Women and Islam

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ahmedjbh
 
Reply Wed 21 Oct, 2009 11:33 am
@ahmedjbh,
I wish there was a button which instead of thanks said, "fail" .
 
josh0335
 
Reply Wed 21 Oct, 2009 12:32 pm
@xris,
xris;98951 wrote:
Strange how it has not come to my notice any one condemn them on this thread. All i ever hear is the defence of Islam and how well it treats its women. Funny i never hear about the religious police telling men to wear appropriate length trousers or that they should grow beards. Is it the fault of countless Muslims that these distortion of scriptures restrict women freedoms or the mixed messages scriptures give them? Still this is another subject that should be brushed under the carpet hidden and not debated. I don't mind the abuse, it is of no consequence to me when i consider how many Muslim women are suffering, for no fault of theirs.


Not really sure why I'm responding to this. The reason you haven't seen anyone condemn anything on this thread is because that is not what the topic is about. The reason you hear about how well Islam treats women is because Muslims believe Islam does treat women well. What you keep banging on about is how Islam is represented by oppressive regimes and how they choose to abuse their positions of power. So if you want to talk about how badly women are treated in Pakistan or Somalia then you should start a thread about it in the Politics section. What you need to stop doing is equating the wrong actions of men in these Muslim countries to what is taught by Islam.
 
Arjuna
 
Reply Wed 21 Oct, 2009 03:11 pm
@josh0335,
Some people are really arrogant. Some people want others to feel small and insulted. If a Muslim cleric says "This is Islam..." and he goes on to say things that pain my heart, I may feel completely unsupported to say... "No that's not true!" Surely he knows more about it than I do. Who am I to contradict him?

Common sense says to me that Islam doesn't control anybody. People answer to God (or Nature) for what they do... not to me. So it's between them and God in the first place.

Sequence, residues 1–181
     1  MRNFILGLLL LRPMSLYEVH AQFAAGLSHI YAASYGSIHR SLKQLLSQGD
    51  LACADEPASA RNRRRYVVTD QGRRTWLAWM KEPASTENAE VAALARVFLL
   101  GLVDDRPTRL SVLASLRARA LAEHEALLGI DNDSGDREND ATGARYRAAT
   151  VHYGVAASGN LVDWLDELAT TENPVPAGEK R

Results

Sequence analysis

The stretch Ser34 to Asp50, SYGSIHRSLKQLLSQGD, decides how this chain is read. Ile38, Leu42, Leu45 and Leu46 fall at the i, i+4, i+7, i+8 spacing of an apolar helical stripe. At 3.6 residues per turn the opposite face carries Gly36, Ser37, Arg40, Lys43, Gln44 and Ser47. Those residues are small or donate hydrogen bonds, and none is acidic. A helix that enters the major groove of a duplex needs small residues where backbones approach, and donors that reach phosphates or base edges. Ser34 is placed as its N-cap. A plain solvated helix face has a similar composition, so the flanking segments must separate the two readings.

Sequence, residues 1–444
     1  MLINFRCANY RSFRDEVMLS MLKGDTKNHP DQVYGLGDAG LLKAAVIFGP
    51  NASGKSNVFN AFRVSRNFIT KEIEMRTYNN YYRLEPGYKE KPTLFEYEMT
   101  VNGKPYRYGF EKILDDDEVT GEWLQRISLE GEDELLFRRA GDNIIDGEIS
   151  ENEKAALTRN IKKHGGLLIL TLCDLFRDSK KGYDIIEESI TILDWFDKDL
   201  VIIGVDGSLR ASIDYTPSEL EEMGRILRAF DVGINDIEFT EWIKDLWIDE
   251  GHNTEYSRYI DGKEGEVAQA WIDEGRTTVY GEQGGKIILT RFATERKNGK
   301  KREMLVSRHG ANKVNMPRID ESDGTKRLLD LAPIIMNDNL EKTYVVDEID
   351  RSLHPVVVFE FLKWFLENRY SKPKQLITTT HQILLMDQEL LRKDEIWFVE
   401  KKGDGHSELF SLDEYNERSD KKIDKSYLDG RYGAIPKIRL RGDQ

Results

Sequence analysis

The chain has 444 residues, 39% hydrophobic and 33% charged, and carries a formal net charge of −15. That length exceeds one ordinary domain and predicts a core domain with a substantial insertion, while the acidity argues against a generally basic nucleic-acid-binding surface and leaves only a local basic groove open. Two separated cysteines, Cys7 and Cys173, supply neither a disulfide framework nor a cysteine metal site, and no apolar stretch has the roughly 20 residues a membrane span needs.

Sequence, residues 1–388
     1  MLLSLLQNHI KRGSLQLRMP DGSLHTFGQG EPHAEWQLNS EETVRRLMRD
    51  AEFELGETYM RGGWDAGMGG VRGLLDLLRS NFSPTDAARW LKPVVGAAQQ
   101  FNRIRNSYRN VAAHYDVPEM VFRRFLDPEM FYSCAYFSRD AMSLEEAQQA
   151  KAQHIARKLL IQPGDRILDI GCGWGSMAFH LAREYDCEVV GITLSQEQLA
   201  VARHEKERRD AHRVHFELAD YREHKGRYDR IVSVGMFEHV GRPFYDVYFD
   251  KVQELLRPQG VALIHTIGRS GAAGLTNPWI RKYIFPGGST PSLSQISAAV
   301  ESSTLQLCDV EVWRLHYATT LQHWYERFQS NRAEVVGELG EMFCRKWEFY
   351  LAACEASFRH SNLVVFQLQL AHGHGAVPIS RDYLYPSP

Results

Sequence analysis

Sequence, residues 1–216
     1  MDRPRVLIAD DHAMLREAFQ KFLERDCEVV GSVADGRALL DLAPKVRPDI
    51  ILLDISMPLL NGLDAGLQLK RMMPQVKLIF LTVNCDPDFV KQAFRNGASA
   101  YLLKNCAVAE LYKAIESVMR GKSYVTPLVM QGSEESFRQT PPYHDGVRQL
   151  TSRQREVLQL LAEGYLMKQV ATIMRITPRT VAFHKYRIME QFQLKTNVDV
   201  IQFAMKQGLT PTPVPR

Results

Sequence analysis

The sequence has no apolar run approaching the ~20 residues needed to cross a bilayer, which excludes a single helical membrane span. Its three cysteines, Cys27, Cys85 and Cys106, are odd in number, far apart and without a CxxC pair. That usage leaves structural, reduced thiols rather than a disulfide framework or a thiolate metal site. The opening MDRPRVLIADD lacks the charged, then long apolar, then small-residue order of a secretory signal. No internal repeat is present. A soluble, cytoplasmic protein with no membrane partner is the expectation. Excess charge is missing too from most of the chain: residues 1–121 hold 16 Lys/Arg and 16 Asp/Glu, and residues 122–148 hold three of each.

Common sense says that no religion can condone sin. No such religion would be passed down from one generation to the next.

Nevertheless.. clerics have been known to make mistakes. These mistakes stain the soul of a culture. From a certain point of view, the stains never will wash clean. Sin is eternal. From our own sin, we learn compassion for the sinner.

On this basis, anyone can see that Islamic culture is stained by human frailty. What we're calling Islam, itself, the thing that is passed down... remains unstained. It was not the source of the sin.

What really does cause sin... how conceptions of sin change over time... this becomes central in my mind, as I learn more this topic.
 
xris
 
Reply Thu 22 Oct, 2009 03:52 am
@josh0335,
josh0335;99046 wrote:
Not really sure why I'm responding to this. The reason you haven't seen anyone condemn anything on this thread is because that is not what the topic is about. The reason you hear about how well Islam treats women is because Muslims believe Islam does treat women well. What you keep banging on about is how Islam is represented by oppressive regimes and how they choose to abuse their positions of power. So if you want to talk about how badly women are treated in Pakistan or Somalia then you should start a thread about it in the Politics section. What you need to stop doing is equating the wrong actions of men in these Muslim countries to what is taught by Islam.
Its not just Pakistan and Somalia, what about the Iran, ksa,Afghanistan, you tell me what Muslim country, where women are treated as equals. You can protest all you like that scriptures dont demean women or treat them as unequal but those countries islamic interpretations conflict with yours. This thread is considering women and Islam and the evidence does not bare witness to your claims.
 
Didymos Thomas
 
Reply Thu 22 Oct, 2009 03:56 am
@ahmedjbh,
Xris, what of women in nations with many religious affiliations, like the UK?
 
josh0335
 
Reply Thu 22 Oct, 2009 04:54 am
@xris,
xris;99173 wrote:
Its not just Pakistan and Somalia, what about the Iran, ksa,Afghanistan, you tell me what Muslim country, where women are treated as equals. You can protest all you like that scriptures dont demean women or treat them as unequal but those countries islamic interpretations conflict with yours. This thread is considering women and Islam and the evidence does not bare witness to your claims.


There you go again! None of those countries use the shariah of Islam as the basis of governance. They are dictatorships/corrupt governments oppressing their people through a different mix of economics, religion and violence. They do not follow what Islam teaches.